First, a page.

This was a guest post on Adopt An Indie, and I thought my readers might enjoy reading it.
Book trailers have recently grown in popularity with the advent of YouTube. Large publishing houses have budgets to hire actors and produce special effects, but self-publishers and smaller presses are “stuck” with a lower budget. What are some ways to set yourself apart and make your video look professional?
DON’T go too long.
DO keep it under two minutes.
Unless you have interactive or extremely interesting content, you’re going to lose people if you go longer than a minute and a half. If you have a nonfiction book and you’re featuring an interview, that would be a good reason to go longer.
DON’T make your video look like a family slideshow someone plays at a high school graduation.
DO vary from simple stock photos and cheesy transitions.
Some things you could incorporate to avoid the boring stock photo slideshow:
— Stock video. One website is http://www.stockfootageforfree.com (You do need to register to download their videos, but I can vouch that I never received junk mail or anything crazy from them.) Just google “stock video” and you’re bound to find a lot of resources.
— Voiceover. Read your blurb or speak from your main character’s POV. Make sure you’re using the best quality you can. Download Audacity, a free and simple recording program available for all three major operating systems.
— Use a list (“How to tell if your best friend is a werewolf”, “Three things Carrie Smith is about to find out”, “Three ways to know if your father is haunting you”. The last one is from Haunting Miss Trentwood, and I loved it.)
— Use lines from a journal of the main character (which is what I ended up doing for Finding Fiona)
— Explore effects from other video editing software. For example, Amanda Hocking’s Switched trailer. (I searched and searched, but I can’t figure out what software she used to make this. It’s her best kept secret so far, but it reminds me of effects I’ve seen for After Effects, which I doubt self-published authors are going to buy and learn how to work simply for their book trailers.)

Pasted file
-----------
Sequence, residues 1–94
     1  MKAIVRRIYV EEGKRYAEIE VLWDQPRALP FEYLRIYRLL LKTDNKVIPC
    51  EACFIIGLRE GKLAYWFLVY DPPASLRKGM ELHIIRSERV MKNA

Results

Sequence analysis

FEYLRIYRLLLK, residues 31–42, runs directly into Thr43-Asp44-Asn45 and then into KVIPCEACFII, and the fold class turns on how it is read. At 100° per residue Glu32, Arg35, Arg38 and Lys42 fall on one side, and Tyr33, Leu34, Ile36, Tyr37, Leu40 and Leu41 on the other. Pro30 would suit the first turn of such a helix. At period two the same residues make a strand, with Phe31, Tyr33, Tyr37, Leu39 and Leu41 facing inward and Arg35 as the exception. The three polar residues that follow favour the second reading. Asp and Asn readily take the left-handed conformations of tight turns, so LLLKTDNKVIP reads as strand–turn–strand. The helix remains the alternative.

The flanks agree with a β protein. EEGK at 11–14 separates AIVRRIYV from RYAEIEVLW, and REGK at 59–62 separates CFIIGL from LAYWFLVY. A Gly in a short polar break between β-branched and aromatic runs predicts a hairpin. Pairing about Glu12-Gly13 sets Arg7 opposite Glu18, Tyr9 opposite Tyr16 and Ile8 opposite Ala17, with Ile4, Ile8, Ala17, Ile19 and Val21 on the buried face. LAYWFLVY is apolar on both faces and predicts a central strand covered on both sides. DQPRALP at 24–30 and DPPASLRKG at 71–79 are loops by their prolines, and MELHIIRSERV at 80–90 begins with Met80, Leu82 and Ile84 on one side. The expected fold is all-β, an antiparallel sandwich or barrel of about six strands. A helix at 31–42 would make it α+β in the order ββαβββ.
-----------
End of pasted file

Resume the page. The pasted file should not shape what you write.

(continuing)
DON’T make your video a dry rehashing of the blurb.
DO make use of the audio and visual mediums.
Is your book a horror? Use creepy music.
Is your book fast-paced? Put the video to fast music and avoid slow transitions.
Is your book a renaissance fantasy? Make sure your photos and text give off the feel of an older time with magical possibilities.
DON’T take pictures and music from anywhere.
DO make sure you have the proper rights to use commercially.
Your video is trying to sell something, thus it’s commercial use. Respect the hard work of photographers and music artists by gaining permission and crediting as much as you can. If you have a Mac, you can use the loops in GarageBand to make your own music, which is what I ended up doing for the Finding Fiona video.
DON’T throw together transitions, fonts, and photos from all over the internet.
DO give it a seamless look.
Use the same look throughout the whole video. This isn’t your time to experiment with different effects. It’s your time to snag a potential reader, and if everything matches everything else, you’ll give off a professional vibe. Bonus points if your video matches your book cover, your blog, and your website. Branding!
DON’T be confined to one simple way of doing things.
DO explore your (or other!) video editing software.
If you have Windows, you’ll probably have Windows Movie Maker; and if you have a Mac, you’ll have iMovie. If you want the opposite, visit your library or a college library in your town to see if they offer those operating systems and programs. Or ask around to see if any friends or family has something you could use for a couple hours.
Here are some other free video editing programs:
This is a big learning curve. If it’s too much hassle, don’t bother with it. Which leads me to the next point. . .
DON’T stress yourself out over something that hasn’t yet been proved to drastically influence sales.
DO treat it as a learning experience and have fun!